Hi! I am praying for you right now!
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Mark 10:29-30 Jesus says, “I tell you the truth, no one who has left home or brothers or sisters or mother or father or children or fields for me and the gospel will fail to receive a hundred times as much in this present age and in the age to come, eternal life.”
1 Corinthians 3:12-15 reminded me that God notices all the work we do for him and also reminded me that those who know Christ will be rewarded in heaven for what they do on earth.
When I embrace these truths, difficulties take on an eternal meaning and I am bolstered with confidence that nothing in this world can really shake me because nothing that I give up for Christ will ever be lost. Every sacrifice will be ultimately redeemed.
Joy! In Christ, we win and the story ends very, very well.
Perhaps this knowledge is why Corrie ten Boom, the beloved author, evangelist, and concentration camp victim who traveled for over thirty years telling the world about Jesus, said that material things would never be important to her again after her time in Ravensbruck. Corrie had stood at death’s door, and when she did, heaven’s priorities became illuminated.
There is an internal freedom that comes when we realize that what we do here matters for forever, and because it matters for forever, absolutely no earthly happening will ever be able to destroy us. Nothing will ultimately ruin us. No disappointment will keep us down—and nothing that we give up for Jesus will be lost. Not when we give up a job, a home we love, or loved ones as we move across the country and say goodbye. In the end, we win.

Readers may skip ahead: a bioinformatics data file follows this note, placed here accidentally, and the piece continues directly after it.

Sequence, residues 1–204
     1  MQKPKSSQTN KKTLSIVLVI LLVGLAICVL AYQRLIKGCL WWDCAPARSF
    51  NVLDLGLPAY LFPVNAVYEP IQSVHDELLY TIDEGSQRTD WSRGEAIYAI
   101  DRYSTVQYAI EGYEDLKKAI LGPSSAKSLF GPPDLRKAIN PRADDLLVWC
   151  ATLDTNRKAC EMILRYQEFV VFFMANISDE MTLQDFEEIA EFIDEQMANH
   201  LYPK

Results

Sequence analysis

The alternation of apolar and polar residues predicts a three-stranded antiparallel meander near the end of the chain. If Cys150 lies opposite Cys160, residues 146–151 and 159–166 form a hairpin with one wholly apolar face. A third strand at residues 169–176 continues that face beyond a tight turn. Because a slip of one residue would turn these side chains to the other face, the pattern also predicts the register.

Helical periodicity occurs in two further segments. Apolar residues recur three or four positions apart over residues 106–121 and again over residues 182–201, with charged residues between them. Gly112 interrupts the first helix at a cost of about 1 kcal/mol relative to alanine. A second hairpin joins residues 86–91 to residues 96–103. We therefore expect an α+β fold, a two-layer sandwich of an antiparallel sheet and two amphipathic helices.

What have you given up for Christ? You can be confident that He notices. And, when you work for Him, you are storing up for yourself treasure in heaven that can never be destroyed.
“Do not lay up for yourselves treasures on earth, where moth and rust destroy and where thieves break in and steal, but lay up for yourselves treasures in heaven, where neither moth nor rust destroys and where thieves do not break in and steal” (Matthew 6:19-20).
Prayer: Lord, how wonderful you are that you reward those who know you, love you, and do your will. Please help me to live in light of eternity. Amen.
Jesus heals our broken hearts
The physical heart muscle, fed by arteries, pumps and regulates the blood flow that carries oxygen and nutrients throughout our bodies. If we exercise that muscle through cardiovascular workouts and feed it healthy nutrients, it grows stronger. But let it languish and feed it toxins, and we all know what happens: the muscle grows weak and the arteries get clogged.
The same is true of our spiritual hearts. The heart is the seat of our passions; it drives and compels us to be who we are and act as we do. It is the essence of our character. So what happens if our spiritual heart is fed toxins and we let it languish? It too grows weak, gets clogged, and sends those poisonous toxins pumping through our lives. When shame has been pumping through a heart, over time the heart itself grows toxic. When we are wounded, we leak toxic waste, and that waste poisons us and the people around us — even when we are completely unaware of it.
The reality is: